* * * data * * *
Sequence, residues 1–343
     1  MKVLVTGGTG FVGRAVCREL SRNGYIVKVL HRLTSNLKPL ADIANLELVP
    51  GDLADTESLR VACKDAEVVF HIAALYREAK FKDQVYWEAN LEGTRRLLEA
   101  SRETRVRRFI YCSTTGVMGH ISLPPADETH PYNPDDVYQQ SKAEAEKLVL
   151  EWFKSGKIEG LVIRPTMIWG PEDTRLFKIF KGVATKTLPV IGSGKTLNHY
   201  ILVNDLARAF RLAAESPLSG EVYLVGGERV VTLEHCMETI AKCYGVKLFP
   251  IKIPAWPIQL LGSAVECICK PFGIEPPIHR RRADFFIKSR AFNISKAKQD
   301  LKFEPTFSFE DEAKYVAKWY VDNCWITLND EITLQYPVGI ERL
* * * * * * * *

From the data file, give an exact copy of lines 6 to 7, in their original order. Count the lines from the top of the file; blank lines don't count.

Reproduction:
   201  ILVNDLARAF RLAAESPLSG EVYLVGGERV VTLEHCMETI AKCYGVKLFP
   251  IKIPAWPIQL LGSAVECICK PFGIEPPIHR RRADFFIKSR AFNISKAKQD